I do not know if I can truly make a fair assessment of the Dedham Historical Society museum’s website at this time as I know that they are actively modifying the content of their website. But it is the only other public history website concerning Dedham so I will evaluate it in its current state. The website looks pretty good. It is organized and the design of the website does have some color without being over the top. Like the Fairbanks House website, the homepage has a video showcasing antique and contemporary photographs of Dedham with a narration from the president of the Society talking about the importance of learning about and preserving local history. The homepage also includes information about events, hours, news and the current special exhibit. There are also tabs called “About”, “Research”, “Collections”, “Events”, “Membership”, “News”, “Tours” and “Shop”. The “Research” and “Collections” tabs are especially helpful in learning what is in the library and on display at the museum. Under the “About” tab, the “About” page explains the history of the Dedham Historical Society and Museum and its overall goal. This page also provides a link to a general history of the town of Dedham. The text they provide is old, aand outdated and they are going to be reworking this. I would pay it no heed at this moment. The website also provides helpful, logistical information about the museum.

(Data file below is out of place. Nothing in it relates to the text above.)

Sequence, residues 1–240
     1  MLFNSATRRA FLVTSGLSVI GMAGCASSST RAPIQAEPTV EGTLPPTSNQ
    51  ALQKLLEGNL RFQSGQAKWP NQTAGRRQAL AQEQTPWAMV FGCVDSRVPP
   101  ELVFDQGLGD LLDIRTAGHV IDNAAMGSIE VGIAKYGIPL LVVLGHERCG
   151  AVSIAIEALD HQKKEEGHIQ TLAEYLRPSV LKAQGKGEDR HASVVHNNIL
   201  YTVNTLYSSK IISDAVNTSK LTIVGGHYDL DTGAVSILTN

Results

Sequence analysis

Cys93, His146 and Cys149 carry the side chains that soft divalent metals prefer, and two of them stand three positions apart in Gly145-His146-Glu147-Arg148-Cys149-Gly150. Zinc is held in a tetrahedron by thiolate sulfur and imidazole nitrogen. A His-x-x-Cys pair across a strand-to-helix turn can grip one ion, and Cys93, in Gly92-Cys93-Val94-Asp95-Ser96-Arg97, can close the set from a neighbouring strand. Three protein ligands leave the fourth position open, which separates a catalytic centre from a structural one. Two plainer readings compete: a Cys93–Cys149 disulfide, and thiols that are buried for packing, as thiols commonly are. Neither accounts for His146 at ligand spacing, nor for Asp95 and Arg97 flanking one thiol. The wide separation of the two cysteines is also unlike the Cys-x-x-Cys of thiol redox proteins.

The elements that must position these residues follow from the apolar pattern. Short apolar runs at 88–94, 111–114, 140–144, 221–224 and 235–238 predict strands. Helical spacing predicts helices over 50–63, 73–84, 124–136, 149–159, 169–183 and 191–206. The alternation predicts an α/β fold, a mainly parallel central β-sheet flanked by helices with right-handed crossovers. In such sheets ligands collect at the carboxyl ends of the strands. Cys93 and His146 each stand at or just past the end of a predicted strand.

Although the website is generally organized, I find many of the pages to be cluttered with too much text. The homepage has a lot of information on it. Most of the same information can be found in other parts of the website. There are not many images on the website of the museum or its collections. Less text and more images would really help to make this a better, more interesting website. Again, they are in the process of improving the website and I am excited to see the modifications that will be made. The logistical information on the website is very good and I think that the website as it stands now has good bones which can act as a base to make it better.
Currently, neither of the websites provide any information about the Indigenous peoples of Dedham before or after English settlement even though this information is relevant to both museums. The Dedham Historical Society has been great in helping me with my research and will be posting an essay that I wrote on this topic soon. They are also allowing me to give a talk in April at the museum about these colonial relationships. Over the past couple of years the Fairbanks House has tried to include more Native American artifacts and stories about the relationships of the Fairbanks Family with Indigenous peoples. Progress is happening but unfortunately, in a town like Dedham, progress is typically pretty slow. I am also excited to see how broader, more inclusive, and less colonized historical narratives will be presented on these websites and at the museums in the years to come.